My hard time choosing and managing the migration from the soon to be deceased Windows Live Mesh, made me think about the dependency I seem to have on some software tools and how hard it is to replace them and change the installed workflows around the tools in use at some point. From that, the idea of a post about my current software tools, highlighting some of the genuine gems out there, was a small step. So here it is, a list of software I use and some of the reasons I use it.
Personal Productivity Software
Office 2013 – this is the latest version of Microsoft Office. The big difference to the previous version, from my personal perspective, is the integration with SkyDrive, extending the ability to cooperatively create and edit documents to Word, Excel and Powerpoint, something that was already available with OneNote. OneNote2013 is clearly me favorite app, probably the one I use the most, after Outlook, which I use as my email client. OneNote is a superb app, which I actually loved when I first came in contact with it, at the time I bought by first tablet pc, back in 2005. I still use it everyday, either to take notes while I read books and articles, or to work cooperatively about ongoing projects with the other guys from Web2Automation.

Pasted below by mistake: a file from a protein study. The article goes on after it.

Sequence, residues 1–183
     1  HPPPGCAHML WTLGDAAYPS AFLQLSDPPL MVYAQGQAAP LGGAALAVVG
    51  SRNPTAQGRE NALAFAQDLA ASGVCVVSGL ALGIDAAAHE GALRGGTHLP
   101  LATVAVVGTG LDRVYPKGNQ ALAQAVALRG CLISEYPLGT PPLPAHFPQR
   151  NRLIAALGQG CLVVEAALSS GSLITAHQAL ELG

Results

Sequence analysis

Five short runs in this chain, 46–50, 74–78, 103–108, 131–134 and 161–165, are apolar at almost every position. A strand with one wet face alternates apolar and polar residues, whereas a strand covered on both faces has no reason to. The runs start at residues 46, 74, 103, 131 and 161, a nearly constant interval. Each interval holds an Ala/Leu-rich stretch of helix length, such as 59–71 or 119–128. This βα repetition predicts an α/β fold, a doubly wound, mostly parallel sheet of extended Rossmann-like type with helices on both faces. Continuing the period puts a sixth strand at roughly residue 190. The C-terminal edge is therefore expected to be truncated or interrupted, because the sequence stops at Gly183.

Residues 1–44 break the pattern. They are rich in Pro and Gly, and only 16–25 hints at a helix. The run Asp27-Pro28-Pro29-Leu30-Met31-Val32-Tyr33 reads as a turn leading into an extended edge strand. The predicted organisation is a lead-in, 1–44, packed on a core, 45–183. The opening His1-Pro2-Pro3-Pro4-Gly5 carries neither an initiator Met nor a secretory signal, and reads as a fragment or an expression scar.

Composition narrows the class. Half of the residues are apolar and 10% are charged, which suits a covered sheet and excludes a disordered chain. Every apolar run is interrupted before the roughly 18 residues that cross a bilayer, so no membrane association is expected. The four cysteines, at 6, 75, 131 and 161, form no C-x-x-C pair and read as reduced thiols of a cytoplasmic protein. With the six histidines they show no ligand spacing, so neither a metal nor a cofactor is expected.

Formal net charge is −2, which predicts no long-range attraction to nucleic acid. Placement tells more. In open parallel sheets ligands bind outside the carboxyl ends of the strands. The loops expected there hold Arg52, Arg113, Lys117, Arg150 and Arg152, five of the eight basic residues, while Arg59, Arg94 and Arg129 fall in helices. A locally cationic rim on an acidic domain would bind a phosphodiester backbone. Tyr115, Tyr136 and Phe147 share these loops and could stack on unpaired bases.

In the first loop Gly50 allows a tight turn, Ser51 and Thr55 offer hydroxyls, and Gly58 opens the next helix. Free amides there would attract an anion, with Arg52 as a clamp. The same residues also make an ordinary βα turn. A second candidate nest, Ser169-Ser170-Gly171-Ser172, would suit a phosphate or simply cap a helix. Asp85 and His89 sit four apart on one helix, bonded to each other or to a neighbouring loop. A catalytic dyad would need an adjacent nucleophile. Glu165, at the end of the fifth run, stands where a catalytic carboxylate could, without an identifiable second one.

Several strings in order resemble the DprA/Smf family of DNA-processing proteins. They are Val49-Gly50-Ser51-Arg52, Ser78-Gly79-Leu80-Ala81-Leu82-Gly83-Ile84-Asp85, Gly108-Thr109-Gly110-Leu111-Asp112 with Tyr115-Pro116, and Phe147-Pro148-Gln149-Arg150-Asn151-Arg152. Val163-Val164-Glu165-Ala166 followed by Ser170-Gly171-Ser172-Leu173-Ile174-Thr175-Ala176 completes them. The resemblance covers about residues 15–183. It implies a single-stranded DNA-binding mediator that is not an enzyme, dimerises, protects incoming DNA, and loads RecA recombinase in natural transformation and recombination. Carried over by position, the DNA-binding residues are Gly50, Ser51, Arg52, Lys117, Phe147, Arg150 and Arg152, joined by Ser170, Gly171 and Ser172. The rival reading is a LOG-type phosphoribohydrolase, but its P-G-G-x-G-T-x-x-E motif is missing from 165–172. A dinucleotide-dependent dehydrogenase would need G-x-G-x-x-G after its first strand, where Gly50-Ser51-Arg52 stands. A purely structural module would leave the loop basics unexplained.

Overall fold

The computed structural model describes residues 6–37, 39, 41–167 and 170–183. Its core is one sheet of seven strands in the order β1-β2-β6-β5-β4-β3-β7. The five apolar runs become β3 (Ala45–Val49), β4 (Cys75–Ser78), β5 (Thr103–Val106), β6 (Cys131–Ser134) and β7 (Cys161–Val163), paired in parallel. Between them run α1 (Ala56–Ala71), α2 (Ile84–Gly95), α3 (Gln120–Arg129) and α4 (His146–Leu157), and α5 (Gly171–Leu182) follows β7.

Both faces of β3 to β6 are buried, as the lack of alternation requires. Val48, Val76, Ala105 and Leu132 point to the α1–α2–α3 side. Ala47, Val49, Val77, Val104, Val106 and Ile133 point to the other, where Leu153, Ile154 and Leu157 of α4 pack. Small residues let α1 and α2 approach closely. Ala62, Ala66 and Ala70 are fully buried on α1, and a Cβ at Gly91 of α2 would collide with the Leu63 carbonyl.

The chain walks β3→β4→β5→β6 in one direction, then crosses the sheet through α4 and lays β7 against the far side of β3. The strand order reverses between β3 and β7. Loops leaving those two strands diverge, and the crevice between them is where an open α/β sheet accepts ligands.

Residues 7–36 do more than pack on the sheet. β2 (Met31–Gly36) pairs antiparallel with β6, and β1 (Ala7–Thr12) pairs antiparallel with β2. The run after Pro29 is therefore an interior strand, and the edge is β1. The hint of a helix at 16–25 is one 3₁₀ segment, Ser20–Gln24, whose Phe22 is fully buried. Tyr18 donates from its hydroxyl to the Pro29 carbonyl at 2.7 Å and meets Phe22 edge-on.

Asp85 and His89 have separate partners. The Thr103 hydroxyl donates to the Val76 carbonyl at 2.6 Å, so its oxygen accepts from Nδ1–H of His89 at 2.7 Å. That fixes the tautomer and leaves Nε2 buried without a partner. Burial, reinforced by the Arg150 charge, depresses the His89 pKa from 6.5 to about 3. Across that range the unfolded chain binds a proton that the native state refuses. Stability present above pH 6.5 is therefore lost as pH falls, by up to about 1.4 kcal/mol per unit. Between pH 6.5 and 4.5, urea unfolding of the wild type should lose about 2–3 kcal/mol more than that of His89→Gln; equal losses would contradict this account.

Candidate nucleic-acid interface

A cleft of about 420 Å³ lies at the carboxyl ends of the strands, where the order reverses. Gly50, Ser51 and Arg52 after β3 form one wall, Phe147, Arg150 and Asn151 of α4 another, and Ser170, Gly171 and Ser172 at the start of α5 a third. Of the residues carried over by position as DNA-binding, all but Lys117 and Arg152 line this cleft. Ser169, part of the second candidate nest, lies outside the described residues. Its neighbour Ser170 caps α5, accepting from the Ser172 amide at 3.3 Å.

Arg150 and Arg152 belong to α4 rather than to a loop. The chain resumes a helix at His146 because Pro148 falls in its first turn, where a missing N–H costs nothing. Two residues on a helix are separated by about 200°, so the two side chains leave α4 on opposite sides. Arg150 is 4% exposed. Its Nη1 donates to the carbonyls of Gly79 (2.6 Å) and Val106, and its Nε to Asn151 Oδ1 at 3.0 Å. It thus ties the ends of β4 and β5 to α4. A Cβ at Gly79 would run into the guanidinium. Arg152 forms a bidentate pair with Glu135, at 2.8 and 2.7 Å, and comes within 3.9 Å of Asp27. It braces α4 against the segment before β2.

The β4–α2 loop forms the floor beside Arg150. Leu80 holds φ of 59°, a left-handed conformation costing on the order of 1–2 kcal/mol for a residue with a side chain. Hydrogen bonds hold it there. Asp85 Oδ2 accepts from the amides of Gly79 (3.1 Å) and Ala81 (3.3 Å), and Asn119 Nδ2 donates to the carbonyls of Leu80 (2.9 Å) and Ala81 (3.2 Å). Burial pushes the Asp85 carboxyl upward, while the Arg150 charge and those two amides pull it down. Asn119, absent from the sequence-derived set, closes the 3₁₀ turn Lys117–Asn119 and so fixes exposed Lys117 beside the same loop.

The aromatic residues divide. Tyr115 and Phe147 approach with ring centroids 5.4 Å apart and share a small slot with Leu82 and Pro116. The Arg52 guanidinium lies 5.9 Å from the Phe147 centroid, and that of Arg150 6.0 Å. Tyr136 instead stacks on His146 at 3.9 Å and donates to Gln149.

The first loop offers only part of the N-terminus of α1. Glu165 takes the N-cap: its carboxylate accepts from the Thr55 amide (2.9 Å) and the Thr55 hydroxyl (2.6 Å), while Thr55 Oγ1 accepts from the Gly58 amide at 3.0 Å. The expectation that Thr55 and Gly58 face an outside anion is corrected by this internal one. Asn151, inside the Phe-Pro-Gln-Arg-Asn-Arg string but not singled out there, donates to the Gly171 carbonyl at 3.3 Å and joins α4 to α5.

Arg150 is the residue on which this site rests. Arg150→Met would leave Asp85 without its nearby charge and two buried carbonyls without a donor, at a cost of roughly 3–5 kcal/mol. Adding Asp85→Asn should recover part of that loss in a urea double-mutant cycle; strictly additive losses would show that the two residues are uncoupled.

I really don’t like web email clients, don’t think I ever will, and the native email client in Windows Phone 7.5, in my Nokia Lumia 800, works as a fine email client replacement when I am away from my laptop. When I am there, I use Outlook 2013, which has some annoyances yet to be solved, but which I find perfectly acceptable as email clients go.
For PDF handnote taking, I use PDF Annotator. It is a great tool for that purpose and was especially useful when marking student papers or providing feedback on PDF documents produced by others.
The main tool is, naturally, Visual Studio 2012 Ultimate, although I still keep Visial Studio 2010 Ultimate on my desktop, which I still use for the occasional Php project, when I then use the excellent VS.Php add-in (which runs on VS 2010, only). I also use Microsoft Expression Web Studio 4, although much less frequently.